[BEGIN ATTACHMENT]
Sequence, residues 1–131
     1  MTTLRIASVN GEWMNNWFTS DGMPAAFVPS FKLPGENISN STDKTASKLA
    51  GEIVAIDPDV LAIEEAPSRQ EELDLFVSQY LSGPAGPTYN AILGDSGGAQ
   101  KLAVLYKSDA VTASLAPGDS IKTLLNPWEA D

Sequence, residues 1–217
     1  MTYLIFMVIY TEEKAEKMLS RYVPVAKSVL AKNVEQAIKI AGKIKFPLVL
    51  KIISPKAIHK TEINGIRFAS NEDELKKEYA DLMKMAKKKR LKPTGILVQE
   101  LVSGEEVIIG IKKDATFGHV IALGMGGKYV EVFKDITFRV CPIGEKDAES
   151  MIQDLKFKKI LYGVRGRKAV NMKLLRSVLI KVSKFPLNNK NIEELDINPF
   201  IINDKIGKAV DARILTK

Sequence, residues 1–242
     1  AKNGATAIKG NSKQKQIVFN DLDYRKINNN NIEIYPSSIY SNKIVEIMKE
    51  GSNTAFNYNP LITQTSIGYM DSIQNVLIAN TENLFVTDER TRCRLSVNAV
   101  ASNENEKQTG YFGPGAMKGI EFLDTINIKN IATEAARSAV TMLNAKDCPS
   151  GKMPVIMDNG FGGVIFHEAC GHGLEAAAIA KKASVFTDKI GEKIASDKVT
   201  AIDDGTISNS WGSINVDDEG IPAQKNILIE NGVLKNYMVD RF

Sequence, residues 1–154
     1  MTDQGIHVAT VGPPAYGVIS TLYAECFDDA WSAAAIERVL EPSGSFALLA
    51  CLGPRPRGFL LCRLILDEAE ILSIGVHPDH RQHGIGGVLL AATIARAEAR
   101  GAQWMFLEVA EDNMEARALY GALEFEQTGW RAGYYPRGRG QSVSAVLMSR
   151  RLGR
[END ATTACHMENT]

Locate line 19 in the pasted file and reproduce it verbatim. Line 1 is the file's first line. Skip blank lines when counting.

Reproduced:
    51  CLGPRPRGFL LCRLILDEAE ILSIGVHPDH RQHGIGGVLL AATIARAEAR